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Shingles: Symptoms, Causes, Treatments by Dr. Zach Levine

BT Montreal | posted Tuesday, Dec 5th, 2017

  1. What is shingles?


Shingles is a painful rash that is shaped like a band or a belt. Shingles can affect people of all ages, but it is most common in those older than 50. Another name for shingles is “herpes zoster.”


  1. What causes shingles?


Shingles is caused by the same virus that causes chickenpox. After someone has chickenpox, the virus sometimes hides out, “asleep” in the body. Years later, it can “wake up” and cause shingles. The first time a person is infected with that virus, he or she gets chickenpox, not shingles.


  1. Who gets shingles?


RISK OF SHINGLES — Up to 20 percent of people will develop shingles during their lifetime. The condition only occurs in people who have had chickenpox, although occasionally, chickenpox is mild enough that you may not be aware that you were infected in the past.

Age — Shingles can occur in individuals of all ages, but it is much more common in adults aged 50 years and older.

Immune status — Shingles can occur in healthy adults. However, some people are at a higher risk of developing shingles because of a weakened immune system. The immune system may be weakened by:

  • Certain cancers or other diseases that interfere with a normal immune response
  • Immune-suppressing medications used to treat certain conditions (eg, rheumatoid arthritis) or to prevent rejection after organ transplantation
  • Chemotherapy for cancer
  • Infection with the human immunodeficiency virus (HIV), the virus that causes AIDS


  1. Is shingles contagious?


Yes and no. It is not possible to “catch” shingles from someone who has the rash. But it is possible to “catch” the virus and then get sick with chickenpox. Shingles and chickenpox are caused by the same virus.


You probably will not catch the virus (or get chickenpox) if you:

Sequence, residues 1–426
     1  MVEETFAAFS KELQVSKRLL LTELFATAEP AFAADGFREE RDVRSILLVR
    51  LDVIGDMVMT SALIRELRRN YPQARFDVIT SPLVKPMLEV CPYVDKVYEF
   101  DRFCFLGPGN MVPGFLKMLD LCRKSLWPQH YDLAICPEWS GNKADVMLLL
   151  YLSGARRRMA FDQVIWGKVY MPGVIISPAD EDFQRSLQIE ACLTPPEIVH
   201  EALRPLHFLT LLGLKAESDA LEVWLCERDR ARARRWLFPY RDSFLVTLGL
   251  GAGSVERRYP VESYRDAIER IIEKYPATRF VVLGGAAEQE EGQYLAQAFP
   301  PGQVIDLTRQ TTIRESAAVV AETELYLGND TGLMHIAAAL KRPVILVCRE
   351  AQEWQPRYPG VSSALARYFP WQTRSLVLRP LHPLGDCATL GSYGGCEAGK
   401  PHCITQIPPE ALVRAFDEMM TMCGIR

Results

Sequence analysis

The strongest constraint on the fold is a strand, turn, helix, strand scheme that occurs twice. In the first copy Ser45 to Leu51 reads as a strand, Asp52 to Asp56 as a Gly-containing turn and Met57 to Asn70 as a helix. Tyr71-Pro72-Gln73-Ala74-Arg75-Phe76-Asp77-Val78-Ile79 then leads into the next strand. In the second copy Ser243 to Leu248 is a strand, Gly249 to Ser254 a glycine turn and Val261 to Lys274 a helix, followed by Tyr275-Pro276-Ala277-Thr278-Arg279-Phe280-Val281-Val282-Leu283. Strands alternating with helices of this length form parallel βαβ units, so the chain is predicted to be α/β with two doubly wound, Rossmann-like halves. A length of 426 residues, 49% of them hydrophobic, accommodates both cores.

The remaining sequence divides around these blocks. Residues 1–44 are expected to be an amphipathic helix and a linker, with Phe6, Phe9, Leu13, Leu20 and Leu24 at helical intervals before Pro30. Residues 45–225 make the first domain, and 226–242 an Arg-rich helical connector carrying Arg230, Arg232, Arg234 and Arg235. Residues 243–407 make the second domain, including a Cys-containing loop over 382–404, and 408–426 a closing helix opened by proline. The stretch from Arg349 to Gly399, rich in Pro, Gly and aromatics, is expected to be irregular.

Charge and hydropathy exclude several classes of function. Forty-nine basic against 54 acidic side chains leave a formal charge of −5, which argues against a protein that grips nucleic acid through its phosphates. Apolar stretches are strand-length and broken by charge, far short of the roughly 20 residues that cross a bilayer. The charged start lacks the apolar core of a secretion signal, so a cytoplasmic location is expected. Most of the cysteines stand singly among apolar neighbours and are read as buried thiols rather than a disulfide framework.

• Had chickenpox or shingles in the past
  • Had the chickenpox vaccine
  • Were born in north america before 1980 (most people born before 1980 have had chickenpox even if they don’t remember it)


  1. What are the symptoms of shingles?


At first, shingles causes weird sensations on your skin. You might feel itching, burning, pain, or tingling. Some people get a fever, feel sick, or get a headache. Within 1 to 2 days, a rash with blisters appears. Blisters most often appear in a band across the chest and back. They can show up on other parts of the body, too. The blisters cause pain that can be mild or severe.

Within 3 to 4 days, shingles blisters can become open sores or “ulcers”. These ulcers can get infected. Within 7 to 10 days, the rash should scab over. By then, most people are no longer contagious.


  1. Can shingles be serious?

Pain and seriousness get worse with increasing age.

Yes. Shingles can be serious, but that is rare. About 1 out of 10 people with shingles will get something called “postherpetic neuralgia,” or “PHN.” People with PHN keep feeling pain or discomfort even after their rash goes away. This pain can last for months or even years. It can be so bad that it makes it hard to sleep, causes weight loss, and leads to depression.

Shingles can also cause:

  • Skin infections
  • Eye problems (if the rash is near the eye)
  • Ear problems (if the rash is near the ear)
  • Dangerous infections in people who have other health problems


  1. Should I be treated?


Yes — for the virus and if needed for the pain


Treatment of shingles usually includes a combination of antiviral and pain-relieving medications. The affected areas should be kept clean and dry.

Antiviral medications — Antiviral medications stop the varicella zoster virus from multiplying, speed healing of skin lesions, and reduce the severity and duration of pain.